2 a given year as the average expended in the two prior years. 6 The SAPTBG also requires that states use specified fractions of their block grant allocation to provide substance abuse treatment and primary prevention services to special populations, such as intravenous drug users and substance abusing women who are pregnant or have dependent children. States may apply for a waiver from some of these obligations. 5 To assist in monitoring and evaluating services funded by the SAPTBG, states and territories also receive specifically appropriated set aside funding. 6 Although there is great variation among the states in the portion of state-supported funding of substance abuse prevention and treatment services, the extent to which the SAPTBG affects this variation among states is not well known. 7,8 In this paper we review the literature examining the impact of the SAPTBG on state substance abuse spending and highlight some areas not addressed by the literature. We also review the quality of the state substance abuse spending data. In the discussion we combine the literature and data review and recommend directions for future research. Background and Literature on Federal Substance Abuse Block Grants to States In the U.S., the majority of health care is paid by health insurance, most of which is private. 9 Substance abuse treatment differs from the rest of health care by being financed largely by the public sector. 10 The SAPTBG, as noted, is about 40 percent of the total public financing for treatment of alcohol and other drug problems. One key issue of interest to policy-makers is whether state and local governments spend their block grants as the U.S. Congress requires. To address this question we reviewed the literature using standard methods of meta-analysis and clinical research review. These principles have been incorporated into a number of review methodologies 11,12 and can be summarized as: specifying the research question(s), specifying the research area relevant to the question(s), identifying all relevant studies, reviewing and examining each study, and synthesizing the analyses of the studies. Economic articles were identified from several standard data sources including the Journal of Economic Literature, JStor, 13 an electronic university library service called EBSCO, and public economics texts. Two sets of key words were used: first, those defining specific analyses on the relationship between central government grants and state, county, or local area expenditures, and second those words applying to more general concepts that were relevant in the area of public economics, such as the flypaper effect. A variety of health care and health services literature databases were searched, including PubMed, 14 and the Electronic Reference Library of the U.S. Public Health Service Library. The key words used addressed issues relevant to mental health or substance abuse financing and economics. This search was purposely made broad so that no relevant articles would be missed. Also, researchers in the field were contacted to identify work that had not been published. Details of the search strategies, specific key words, and results can be obtained from the authors on request. The broader literature examining the impact of other types of grants on state spending typically relies on the median voter model for a theoretical framework. In this model politicians make decisions to maximize the preferences of a median voter, a convenient representation of all voters, whose voting preference is at the midpoint of all voters. 15 The median voter s preferences are decisive in budgeting because the politician who represents these preferences exactly will always be voted into office. In the basic form of the model, the grant merely represents increased income to the state and will be distributed over all areas of state spending according to the desires of the median voter. Applying the median voter theory to the substance abuse block grant in particular would mean that states view substance abuse block grants as representing an increase in the general pool of taxpayer funds, to be spent as the median voter wants. Therefore, the theory predicts that, given an extra dollar of substance abuse block grant funding, a state would not necessarily spend the dollar on substance abuse needs. Rather, the state would apportion the dollar to reflect the wishes of the median voter. 16 There is no published evidence on whether states indeed perceive substance abuse block grant funds as representing general taxpayer funds. If states were to adhere to the conditions that restrict block grant spending, then the median voter theory is less applicable because these conditions are meant to encourage states to spend the funds on targeted areas. However, two institutional features allow states to treat block grant funds as being part of a general pool of taxpayer funds. First, although states are required to report their use of funds, the agency responsible for administering the block grant, SAMHSA, is not authorized to enforce the conditions or prosecute violations of the conditions. Rather, SAMHSA s mandate is simply to monitor the use of block grant funds. Second, as detailed below, monitoring of the funds is imperfect because states are able to disguise actual state spending in ways that would be difficult to detect by SAMHSA s monitoring efforts. To demonstrate that they meet maintenance-ofeffort requirements, for example, some states may count Medicaid-funded services as state-funded services. Given the lack of enforcement of conditions and the imperfect monitoring, states likely understand that block grant funds are fungible, and thus the median voter model is likely applicable. Four studies directly examine the association between the Substance Abuse Treatment and Prevention Block Grant and state substance abuse spending.* Contrary to the prediction of the median voter model, however, three of the four studies find evidence that the SAPTBG increases state spending on substance abuse. The literature has frequently termed such a finding a flypaper effect -government grants to the states tend to stick where they hit. 16 * Two other studies of federal behavioral block grants were not included because they did not deal with the substance abuse issues directly. 17, A. COWELL ET AL.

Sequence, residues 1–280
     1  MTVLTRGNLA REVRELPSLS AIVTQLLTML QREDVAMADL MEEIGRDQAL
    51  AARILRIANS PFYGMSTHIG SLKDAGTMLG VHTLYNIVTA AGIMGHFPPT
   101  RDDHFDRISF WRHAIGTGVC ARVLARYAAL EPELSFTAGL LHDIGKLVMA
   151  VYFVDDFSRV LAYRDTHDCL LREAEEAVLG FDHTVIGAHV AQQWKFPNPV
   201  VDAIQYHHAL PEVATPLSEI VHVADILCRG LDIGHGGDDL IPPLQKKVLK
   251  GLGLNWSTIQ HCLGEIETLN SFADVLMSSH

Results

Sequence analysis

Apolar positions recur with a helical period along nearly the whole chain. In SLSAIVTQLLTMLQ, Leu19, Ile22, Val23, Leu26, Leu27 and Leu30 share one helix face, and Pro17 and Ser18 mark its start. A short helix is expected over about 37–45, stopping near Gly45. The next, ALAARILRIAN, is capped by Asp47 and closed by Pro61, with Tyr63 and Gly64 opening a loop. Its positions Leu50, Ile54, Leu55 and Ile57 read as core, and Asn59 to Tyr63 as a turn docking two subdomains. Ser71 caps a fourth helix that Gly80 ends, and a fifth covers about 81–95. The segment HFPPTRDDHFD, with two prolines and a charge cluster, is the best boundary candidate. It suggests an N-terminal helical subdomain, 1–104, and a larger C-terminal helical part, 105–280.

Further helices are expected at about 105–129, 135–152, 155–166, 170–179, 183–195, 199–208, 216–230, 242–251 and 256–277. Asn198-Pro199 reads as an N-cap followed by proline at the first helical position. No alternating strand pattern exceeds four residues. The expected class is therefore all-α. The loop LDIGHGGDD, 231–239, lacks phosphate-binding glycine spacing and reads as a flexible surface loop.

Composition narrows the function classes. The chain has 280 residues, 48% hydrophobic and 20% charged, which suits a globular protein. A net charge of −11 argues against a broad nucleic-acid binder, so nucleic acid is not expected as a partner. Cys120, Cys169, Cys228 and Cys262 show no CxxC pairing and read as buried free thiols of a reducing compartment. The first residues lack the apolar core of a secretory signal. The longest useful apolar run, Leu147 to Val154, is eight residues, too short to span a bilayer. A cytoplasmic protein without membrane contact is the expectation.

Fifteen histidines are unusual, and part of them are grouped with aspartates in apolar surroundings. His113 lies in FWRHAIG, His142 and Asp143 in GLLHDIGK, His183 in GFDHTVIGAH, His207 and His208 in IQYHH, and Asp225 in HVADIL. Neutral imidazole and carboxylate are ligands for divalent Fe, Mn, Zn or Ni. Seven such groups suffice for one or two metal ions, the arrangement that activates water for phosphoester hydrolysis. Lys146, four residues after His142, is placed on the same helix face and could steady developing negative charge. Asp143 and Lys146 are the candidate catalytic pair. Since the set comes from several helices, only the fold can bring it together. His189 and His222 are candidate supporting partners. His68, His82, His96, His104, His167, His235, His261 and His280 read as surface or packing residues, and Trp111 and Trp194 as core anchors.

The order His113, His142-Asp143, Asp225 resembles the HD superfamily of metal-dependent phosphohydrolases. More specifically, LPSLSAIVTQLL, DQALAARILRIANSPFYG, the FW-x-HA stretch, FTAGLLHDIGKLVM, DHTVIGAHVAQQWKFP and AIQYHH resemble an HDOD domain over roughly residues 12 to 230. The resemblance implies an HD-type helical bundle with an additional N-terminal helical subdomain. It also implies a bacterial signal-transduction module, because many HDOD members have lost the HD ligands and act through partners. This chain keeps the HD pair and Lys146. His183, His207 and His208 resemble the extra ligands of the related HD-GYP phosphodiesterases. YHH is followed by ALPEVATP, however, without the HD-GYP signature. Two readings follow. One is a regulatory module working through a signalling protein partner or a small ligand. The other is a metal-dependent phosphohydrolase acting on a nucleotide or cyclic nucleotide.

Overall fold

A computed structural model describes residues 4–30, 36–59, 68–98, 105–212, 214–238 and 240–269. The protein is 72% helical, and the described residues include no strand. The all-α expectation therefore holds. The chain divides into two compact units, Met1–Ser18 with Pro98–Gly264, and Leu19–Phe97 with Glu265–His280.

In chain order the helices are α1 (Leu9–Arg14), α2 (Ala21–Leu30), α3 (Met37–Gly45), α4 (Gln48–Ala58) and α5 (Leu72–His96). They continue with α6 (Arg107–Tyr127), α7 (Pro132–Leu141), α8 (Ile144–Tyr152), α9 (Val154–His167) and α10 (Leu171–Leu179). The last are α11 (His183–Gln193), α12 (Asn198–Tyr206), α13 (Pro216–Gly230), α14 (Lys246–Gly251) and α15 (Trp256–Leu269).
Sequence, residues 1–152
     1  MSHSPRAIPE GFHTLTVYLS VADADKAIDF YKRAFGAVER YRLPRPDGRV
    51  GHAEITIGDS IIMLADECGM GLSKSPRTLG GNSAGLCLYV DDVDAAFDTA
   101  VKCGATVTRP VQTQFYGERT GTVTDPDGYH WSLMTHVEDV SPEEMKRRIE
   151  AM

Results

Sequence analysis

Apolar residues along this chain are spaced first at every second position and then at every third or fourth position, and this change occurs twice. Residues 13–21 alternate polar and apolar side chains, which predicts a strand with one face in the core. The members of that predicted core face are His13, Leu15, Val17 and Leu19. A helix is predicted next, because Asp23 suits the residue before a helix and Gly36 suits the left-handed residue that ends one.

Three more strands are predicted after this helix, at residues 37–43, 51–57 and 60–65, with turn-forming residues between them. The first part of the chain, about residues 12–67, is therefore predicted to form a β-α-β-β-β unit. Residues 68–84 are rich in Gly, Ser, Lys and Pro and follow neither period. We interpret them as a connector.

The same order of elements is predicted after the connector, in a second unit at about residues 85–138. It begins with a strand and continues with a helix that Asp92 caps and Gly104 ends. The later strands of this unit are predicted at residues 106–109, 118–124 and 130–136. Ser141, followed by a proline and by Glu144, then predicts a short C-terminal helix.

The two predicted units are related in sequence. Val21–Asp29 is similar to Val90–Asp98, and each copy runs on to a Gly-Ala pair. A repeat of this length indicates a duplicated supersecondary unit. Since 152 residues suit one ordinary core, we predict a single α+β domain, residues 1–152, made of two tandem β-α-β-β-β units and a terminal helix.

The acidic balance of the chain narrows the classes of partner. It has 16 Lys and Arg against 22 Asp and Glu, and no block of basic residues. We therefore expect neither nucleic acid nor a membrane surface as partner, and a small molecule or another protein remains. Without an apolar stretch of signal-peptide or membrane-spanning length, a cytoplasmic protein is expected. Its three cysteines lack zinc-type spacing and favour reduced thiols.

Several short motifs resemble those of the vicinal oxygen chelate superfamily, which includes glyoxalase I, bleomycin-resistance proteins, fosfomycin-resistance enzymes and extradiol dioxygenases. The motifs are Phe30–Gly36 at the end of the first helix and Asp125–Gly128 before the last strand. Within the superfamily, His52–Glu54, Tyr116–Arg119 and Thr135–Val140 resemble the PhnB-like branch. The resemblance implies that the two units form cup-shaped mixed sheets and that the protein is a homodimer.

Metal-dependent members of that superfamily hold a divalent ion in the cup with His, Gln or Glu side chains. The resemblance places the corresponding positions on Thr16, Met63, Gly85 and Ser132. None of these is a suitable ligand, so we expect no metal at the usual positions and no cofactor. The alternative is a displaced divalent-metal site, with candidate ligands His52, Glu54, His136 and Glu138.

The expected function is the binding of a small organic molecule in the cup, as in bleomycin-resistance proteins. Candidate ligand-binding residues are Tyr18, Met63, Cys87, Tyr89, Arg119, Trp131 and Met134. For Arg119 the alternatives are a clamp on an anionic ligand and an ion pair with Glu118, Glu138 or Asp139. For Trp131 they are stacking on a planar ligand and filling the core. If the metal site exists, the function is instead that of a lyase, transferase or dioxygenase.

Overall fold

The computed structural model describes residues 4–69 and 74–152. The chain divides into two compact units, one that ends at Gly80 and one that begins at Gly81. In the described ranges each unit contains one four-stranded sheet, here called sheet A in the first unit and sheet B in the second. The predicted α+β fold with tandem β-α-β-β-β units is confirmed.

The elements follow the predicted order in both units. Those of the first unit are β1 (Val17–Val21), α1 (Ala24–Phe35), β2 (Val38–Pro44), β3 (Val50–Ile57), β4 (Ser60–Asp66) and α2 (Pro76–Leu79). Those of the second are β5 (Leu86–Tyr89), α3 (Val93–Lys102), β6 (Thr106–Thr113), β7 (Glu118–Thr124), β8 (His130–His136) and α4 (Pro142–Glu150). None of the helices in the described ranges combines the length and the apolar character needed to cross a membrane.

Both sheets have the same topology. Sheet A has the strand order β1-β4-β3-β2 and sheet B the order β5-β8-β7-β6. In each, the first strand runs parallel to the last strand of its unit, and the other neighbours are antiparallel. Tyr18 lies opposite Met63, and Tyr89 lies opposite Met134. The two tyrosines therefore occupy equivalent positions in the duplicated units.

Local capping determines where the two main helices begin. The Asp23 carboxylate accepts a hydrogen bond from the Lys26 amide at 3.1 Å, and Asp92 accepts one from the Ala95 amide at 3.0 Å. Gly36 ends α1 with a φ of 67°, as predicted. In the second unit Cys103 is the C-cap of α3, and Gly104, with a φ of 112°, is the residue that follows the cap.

3 The issue of the flypaper effect is central to the analysis of the effects of federal grants on state spending. In the broader public finance economics literature there is no consensus about whether flypaper effects are real, what causes them, and whether the published findings are valid. In addition to five comprehensive reviews that include discussion of flypaper effects, the published research has: tested various explanations for flypaper effects, focused on methodological problems leading to spuriuous flypaper effects, 30,31 and proposed theoretical explanations with little empirical testing. 32 The first paper to examine the relationship between substance abuse block grants and state substance abuse spending, Jacobsen and McGuire, 33 claimedtohavefound evidence of the flypaper effect. The authors analyzed the impact of the SAPTBG on state substance abuse spending in the U.S. between fiscal years 1987 and 1992 using total expenditure data from 50 states. To counter potential bias from omitted state-level variables that may influence variations in state expenditures, state fixed effects were incorporated in the regression as a series of indicator variables, one indicator for each state. These fixed effects helped control for policies at the state level that explain variations in state spending but were not otherwise available in the data. Jacobsen and McGuire found that states generally spent block grant dollars as Congress intended. 33 Moreover, state expenditures on treatment programs increased roughly dollar for dollar with increases in the SAPTBG. The effect was particularly pronounced after 1989, when the federal government increased enforcement efforts. Ma et al. 5 supported Jacobsen and McGuire s findings. The authors focused on the monitoring and enforcement efforts that SAMHSA undertook to ensure the SAPTBG was spent as intended. This article used more years of data ( versus ), and data were augmented with two variables designed to capture monitoring and enforcement: applications for waiver and receipt of technical assistance. Waivers allow states more freedom to spend funds as desired,andtheyarelikelytobenegativelyassociatedwith state substance abuse spending. Technical assistance could indicate increased enforcement and monitoring and may be positively associated with state substance abuse spending. Like Jacobsen and McGuire, Ma et al. found that the post effects, when enforcement was enhanced, were significant in the model. The variables designed to capture increased monitoring and enforcement variables were not statistically significant. Neither Jacobsen and McGuire nor Ma et al. addressed a potential aspect of mis-specification in the equations. Both studies assumed that if the estimated effect of the block grant on state spending was greater than the estimated effect of personal income on state spending then this was evidence of the flypaper effect. It was then reasoned that the difference between the block grant effect and the personal income effect is the magnitude of the flypaper effect. However, Fisher shows this reasoning is incorrect. Deriving the empirical flypaper effect from theory, Fisher shows that the empirical specification should also include the per capita share of taxes. 16 Failing to account for the per capita share of taxes would cause bias, and the direction of the bias would be unclear. Fisher presents evidence from 11 published papers comparing the estimated flypaper effects with those that would have been predicted by theory, given the estimated marginal income effect in the paper. (None of the papers directly addresses the relationship between the substance abuse block grant and state spending). Fisher finds that, typically, the estimated effects of lump sum aid on government expenditures are greater than predicted by theory. Given Fisher s critique, it is debatable whether Jacobsen and McGuire and Ma et al. actually found a flypaper effect. Therefore it is unclear that there is a positive association between the substance abuse block grant and state substance abuse spending. Other potential sources of specification bias should be considered and addressed when examining the influence of block grants on state spending. These include: accounting for the influence of neighboring states or states with similar characteristics; 34 properly specifying the production function or cost function of public goods; 35,36 and specifying the functional form of the model. 29,30 One potential source of bias, omitted variable bias, is addressed in the third of four articles on the relation between state substance abuse spending and the SAPTBG. Using state expenditure data from the same source as Jacobsen and McGuire and Ma et al., Gamkhar and Sim 37 noted that the SAPTBG funds allocated in a particular fiscal year are typically available for use by states for two fiscal years, so states have some flexibility when they use their block grant funds. Failing to include these lags could give a biased estimated of the effect of the substance abuse block grant. Gamkhar and Sim introduced lagged terms in their version of the Jacobsen and McGuire model and considered the effect of both the current year and previous year block grants. In contrast to the findings of Jacobsen and McGuire 33 and Ma et al. 5, Gamkhar and Sim found that current period substance abuse block grant funding has no statistically significant effect on state or local substance abuse spending either before or after Current period block grant funding, however, had a positive effect on state expenditure in the following period. Including lags in the specification can result in serial autocorrelation and heteroscedasticity.* 38 Both autocorrelation and heteroscedasticity lead to incorrect standard errors, which in turn can lead to incorrect inferences about the significance of the effect of the SAPTBG on state spending. Gamkhar and Sim 37 tested and corrected for these and found statistically significant differences. When Gamkhar and Sim estimated a specification that did not include a lagged block grant variable or a correction for autocorrelation and heteroscedasticity, Jacobsen and McGuire s general findings were corroborated. However, when the lagged variable is included in the model and the necessary econometric corrections are made, the authors contradicted Jacobsen and * Autocorrelation is the correlation between unobserved components in the error term over time, and heteroscedasticity occurs when the error terms do not have constant variance across observations. IMPACT OF FEDERAL SUBSTANCE ABUSE BLOCK GRANTS ON STATE 175